Did you know that parking is a $25 billion a year business? It’s also a pain. If you live in a city, you can sympathize. Street parking is limited, and garages are expensive. Throw traffic into the mix and you have one giant headache. But there is hope for smartphone users. Several apps have appeared on the market that make finding parking — and paying for it — much easier. The results are positive and the technology is promising. Could we be near the end of parking struggles?
It takes two to tango when it comes to parking apps. First, a company needs to build an infrastructure to pull parking data and deliver it to mobile devices. Next, a city needs to commit to a partnership.
Streetline, a creator of parking solutions, presents a compelling case for making our cities “smarter” with parking technology:
Experts estimate that 30% of urban traffic is caused by motorists looking for parking. Additionally, vehicle emissions and drivers looking for parking are so closely linked that a yearlong study found that drivers in a fifteen block district in Los Angeles drove in excess of 950,000 miles searching for a space and produced 730 tons of carbon dioxide. By connecting the real world with critical information, Streetline is revolutionizing the way we live and work, while making cities more efficient and lessening their environmental impact.
Recently named one of the 10 most innovative companies in transportation by Fast Company, Streetline installs sensors on parking spots that detect whether or not a car is in a spot. The installation comes at a low cost to cities and allows municipalities the ability to track expired meters. Some of the most congested cities in America, including New York City, Washington, D.C., Los Angeles, Philadelphia, Chicago and Boston, are using the Streetline system.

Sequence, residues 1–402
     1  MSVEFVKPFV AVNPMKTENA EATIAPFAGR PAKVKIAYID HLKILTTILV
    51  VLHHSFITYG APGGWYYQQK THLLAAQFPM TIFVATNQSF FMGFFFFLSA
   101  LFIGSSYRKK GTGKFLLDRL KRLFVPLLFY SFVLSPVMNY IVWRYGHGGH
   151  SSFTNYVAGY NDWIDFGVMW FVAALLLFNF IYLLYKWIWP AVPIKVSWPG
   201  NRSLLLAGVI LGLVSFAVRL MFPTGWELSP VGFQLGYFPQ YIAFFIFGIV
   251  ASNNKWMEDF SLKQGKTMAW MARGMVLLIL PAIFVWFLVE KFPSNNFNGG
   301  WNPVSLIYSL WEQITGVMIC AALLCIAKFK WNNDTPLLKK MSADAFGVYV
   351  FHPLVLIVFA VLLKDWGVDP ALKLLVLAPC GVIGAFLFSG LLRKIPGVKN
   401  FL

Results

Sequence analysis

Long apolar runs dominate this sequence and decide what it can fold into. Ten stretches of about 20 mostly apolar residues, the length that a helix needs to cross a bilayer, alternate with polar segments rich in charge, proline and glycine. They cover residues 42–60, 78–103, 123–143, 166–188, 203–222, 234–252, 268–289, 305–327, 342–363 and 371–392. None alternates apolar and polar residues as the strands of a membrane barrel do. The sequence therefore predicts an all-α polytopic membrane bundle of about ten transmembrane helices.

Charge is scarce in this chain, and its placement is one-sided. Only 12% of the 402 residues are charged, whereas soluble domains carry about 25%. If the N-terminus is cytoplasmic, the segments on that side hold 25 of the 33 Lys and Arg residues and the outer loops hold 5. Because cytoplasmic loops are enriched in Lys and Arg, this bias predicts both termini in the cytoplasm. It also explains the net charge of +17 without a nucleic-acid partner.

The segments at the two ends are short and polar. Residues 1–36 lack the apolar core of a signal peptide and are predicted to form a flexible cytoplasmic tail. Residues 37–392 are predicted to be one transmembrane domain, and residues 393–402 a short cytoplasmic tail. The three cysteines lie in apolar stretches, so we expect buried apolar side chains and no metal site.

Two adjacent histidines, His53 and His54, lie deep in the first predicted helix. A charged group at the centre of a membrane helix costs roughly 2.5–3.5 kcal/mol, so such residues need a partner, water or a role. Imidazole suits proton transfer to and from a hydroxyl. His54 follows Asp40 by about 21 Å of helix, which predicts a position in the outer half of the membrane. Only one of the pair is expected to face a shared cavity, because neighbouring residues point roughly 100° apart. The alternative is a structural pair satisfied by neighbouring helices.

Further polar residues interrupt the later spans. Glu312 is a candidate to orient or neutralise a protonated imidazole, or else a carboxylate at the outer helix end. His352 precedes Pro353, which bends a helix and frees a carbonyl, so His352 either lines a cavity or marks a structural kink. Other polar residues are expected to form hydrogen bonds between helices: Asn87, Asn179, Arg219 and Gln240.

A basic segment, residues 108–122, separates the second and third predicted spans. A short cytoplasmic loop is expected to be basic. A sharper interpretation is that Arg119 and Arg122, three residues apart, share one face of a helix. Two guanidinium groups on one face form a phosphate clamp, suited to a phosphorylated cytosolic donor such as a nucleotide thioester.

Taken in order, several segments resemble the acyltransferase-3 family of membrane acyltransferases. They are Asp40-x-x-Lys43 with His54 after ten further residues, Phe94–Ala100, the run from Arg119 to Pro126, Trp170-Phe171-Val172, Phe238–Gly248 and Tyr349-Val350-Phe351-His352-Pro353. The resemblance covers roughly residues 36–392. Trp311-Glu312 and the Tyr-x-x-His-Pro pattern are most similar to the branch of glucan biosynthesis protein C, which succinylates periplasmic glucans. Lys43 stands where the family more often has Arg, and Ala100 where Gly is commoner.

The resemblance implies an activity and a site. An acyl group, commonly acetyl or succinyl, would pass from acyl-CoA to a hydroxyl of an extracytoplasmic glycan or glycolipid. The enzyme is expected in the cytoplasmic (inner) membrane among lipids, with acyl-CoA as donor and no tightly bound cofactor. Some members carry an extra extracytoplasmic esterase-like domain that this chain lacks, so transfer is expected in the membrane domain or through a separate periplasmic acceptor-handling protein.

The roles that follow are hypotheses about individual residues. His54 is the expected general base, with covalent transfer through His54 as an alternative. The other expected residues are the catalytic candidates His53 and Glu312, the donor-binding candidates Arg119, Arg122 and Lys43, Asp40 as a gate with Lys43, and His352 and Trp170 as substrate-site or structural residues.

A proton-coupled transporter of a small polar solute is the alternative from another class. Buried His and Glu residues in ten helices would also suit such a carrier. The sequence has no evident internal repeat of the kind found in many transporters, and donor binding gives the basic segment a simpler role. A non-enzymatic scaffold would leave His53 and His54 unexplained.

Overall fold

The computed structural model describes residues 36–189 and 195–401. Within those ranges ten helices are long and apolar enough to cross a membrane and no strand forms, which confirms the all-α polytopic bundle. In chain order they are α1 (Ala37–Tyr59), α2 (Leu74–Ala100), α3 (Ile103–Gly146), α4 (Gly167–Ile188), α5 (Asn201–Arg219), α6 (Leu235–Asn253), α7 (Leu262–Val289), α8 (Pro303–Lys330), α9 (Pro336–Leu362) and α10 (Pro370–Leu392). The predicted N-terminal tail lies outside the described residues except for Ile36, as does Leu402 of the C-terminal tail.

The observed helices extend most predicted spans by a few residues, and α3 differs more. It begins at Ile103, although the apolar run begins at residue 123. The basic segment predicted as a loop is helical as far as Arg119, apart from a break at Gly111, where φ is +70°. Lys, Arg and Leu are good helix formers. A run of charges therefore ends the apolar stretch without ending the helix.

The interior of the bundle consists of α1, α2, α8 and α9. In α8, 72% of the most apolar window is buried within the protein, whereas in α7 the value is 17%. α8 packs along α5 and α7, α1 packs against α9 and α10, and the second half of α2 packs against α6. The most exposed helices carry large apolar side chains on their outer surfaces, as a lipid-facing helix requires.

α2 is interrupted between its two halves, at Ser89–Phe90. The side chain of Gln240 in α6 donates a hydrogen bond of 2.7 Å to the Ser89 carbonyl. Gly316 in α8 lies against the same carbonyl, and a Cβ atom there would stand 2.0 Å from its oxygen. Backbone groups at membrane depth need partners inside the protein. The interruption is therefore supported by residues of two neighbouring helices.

Most people don’t carry enough quarters to pay for a day of parking, which is why ParkMobile has found success since its launch in 2000. Parking meters are matched with a numeric code and a QR code. Once drivers create an account that is linked with a credit card, they pay for parking by calling or texting the number on the meter or scanning a QR code with their smartphone. This service, too, has received rave reviews from both cities and citizens:
"We will look back at this time and the flowering of technology as one that transformed parking," says Donald Shoup, a UCLA professor who studies parking and transportation. "The closest comparison would be the invention of the cash register in the 19th century, which totally transformed commerce."
There are now several big players vying for the opportunity to help drivers park and cities ease congestion. Just a few years ago, we were excited about solar-powered parking meters; now, they may face extinction. Parking is just one element of a smart city, but the progress is encouraging. What will be the next area of transportation to be overhauled?